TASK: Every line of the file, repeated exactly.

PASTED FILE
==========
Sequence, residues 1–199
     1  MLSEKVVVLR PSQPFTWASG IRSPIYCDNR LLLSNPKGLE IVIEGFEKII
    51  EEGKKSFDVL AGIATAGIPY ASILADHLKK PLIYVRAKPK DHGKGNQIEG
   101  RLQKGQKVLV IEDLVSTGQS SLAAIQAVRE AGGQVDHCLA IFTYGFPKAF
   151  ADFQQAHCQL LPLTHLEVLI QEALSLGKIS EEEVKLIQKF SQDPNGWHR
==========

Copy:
Sequence, residues 1–199
     1  MLSEKVVVLR PSQPFTWASG IRSPIYCDNR LLLSNPKGLE IVIEGFEKII
    51  EEGKKSFDVL AGIATAGIPY ASILADHLKK PLIYVRAKPK DHGKGNQIEG
   101  RLQKGQKVLV IEDLVSTGQS SLAAIQAVRE AGGQVDHCLA IFTYGFPKAF
   151  ADFQQAHCQL LPLTHLEVLI QEALSLGKIS EEEVKLIQKF SQDPNGWHR